by DONNA FEDERANKO-STOUT

                                           "Hello. May I speak to Doctor Rapone please? '" Reply - "Which Doctor Rapone?"
  Doctor Julius Rapone was a solo act for the longest time but now after many years of hard work and a lot of college money later, he's practicing
real "family dentistry" with his two sons, Anthony and David .. , and he sure couldn't be happier about it!

  Doctor Julius Rapone came to Penns Grove, a young dentist straight out of Temple Dental School in Philadelphia, ready to take on the war with
plaque and tooth decay. The youngest of 12 children from a small coal-mining town called Summitt Hill in Pennsylvania, he was the only one who
had gotten a college education. And now he is a Dentist!
 Times were not good back home with the closing of many mines and lack of jobs. He knew it would be hard to start a dental practice there. He first
thought south to the seashore, but felt it was too cold and desolate in the winter. He settled on Salem County. "I was really headed to Pennsville,"
he says, "because they only had 1 dentist then and Penns Grove had 4." But the price of a home in Pennsville was too high for a dentist who was
just starting out. While riding through Penns Grove one day, he spotted a house on South Broad Street that was for sale. He struck up a deal and
he and his young wife, Mary (Bilka) who had been his high-school sweetheart, heading for Penns Grove and their family's future in dentistry, that
neither of them could have imagined.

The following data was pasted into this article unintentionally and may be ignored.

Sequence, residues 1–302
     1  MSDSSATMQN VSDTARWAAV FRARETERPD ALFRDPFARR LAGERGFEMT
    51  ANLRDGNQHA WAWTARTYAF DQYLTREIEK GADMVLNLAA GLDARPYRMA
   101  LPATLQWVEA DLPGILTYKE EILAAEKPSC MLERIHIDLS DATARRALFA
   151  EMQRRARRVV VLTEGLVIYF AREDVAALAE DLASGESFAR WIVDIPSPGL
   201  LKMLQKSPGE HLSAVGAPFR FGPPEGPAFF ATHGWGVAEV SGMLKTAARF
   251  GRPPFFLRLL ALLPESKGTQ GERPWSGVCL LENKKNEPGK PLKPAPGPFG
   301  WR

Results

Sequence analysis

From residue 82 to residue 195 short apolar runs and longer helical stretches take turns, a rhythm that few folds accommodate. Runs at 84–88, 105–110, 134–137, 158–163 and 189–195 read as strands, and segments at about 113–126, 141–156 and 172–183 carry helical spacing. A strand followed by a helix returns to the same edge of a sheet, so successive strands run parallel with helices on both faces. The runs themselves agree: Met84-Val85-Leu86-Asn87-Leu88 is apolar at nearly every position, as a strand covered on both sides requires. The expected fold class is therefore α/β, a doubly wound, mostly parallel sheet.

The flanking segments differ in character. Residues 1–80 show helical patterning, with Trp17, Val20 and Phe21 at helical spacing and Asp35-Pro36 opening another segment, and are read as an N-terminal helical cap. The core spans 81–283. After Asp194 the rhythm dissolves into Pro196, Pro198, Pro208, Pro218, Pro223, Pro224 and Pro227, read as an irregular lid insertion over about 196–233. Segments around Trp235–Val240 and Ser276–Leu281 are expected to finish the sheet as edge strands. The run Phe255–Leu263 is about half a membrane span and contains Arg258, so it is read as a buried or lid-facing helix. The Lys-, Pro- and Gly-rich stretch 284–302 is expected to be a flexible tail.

"I went around to introduce myself to the other dentists in town," Doc says, "then I hung out my sign and put a notice in the paper and waited for
the patients to come." They had converted most of the downstairs into the dental office and Mary, who was a registered nurse, became
receptionist, dental assistant, bookkeeper and more. "She handled everything," says Doc, "I just worked there." As the children came along, Mary
kept up the pace in the office while taking good care of her young family. "She was a wonderful girl," he says.
  Their daughter Judy was followed by a son, Anthony and then a second son, David. As their family grew, so did the practice and in 1960, they
built an office on Harding Highway in Carneys Point. He worked in the practice by himself, which meant late nights and taking care of two patients at
once. It also meant missing dinner more times than he could count. "It always seemed I had to work late when Mary was making my favorite, pork
chops," he says.
  Warm and personable people, the young Rapones had made friends easily when they came to this little town in South Jersey. Friendships that
have lasted over the years.
Doc has always been known for his sense of humor. He loves to tell jokes, stories and his favorite one-liners. I guess it's because he's the kind of
person who enjoys people and he enjoys his work. Enjoys being a dentist? "I enjoy being a dentist" he says, "I feel bad when someone is in pain,
but when I'm done and they feel better, I feel good." He adds, "I know they don't want to be there (in the dentists chair) so that's why I tell them
jokes." The love of his work has one thing that inspired his sons to become dentists and join him in the practice. "I guess it was the way Dad
portrayed the profession." Says Anthony, "If he had come home complaining about his work, I might not have wanted to become a dentist." He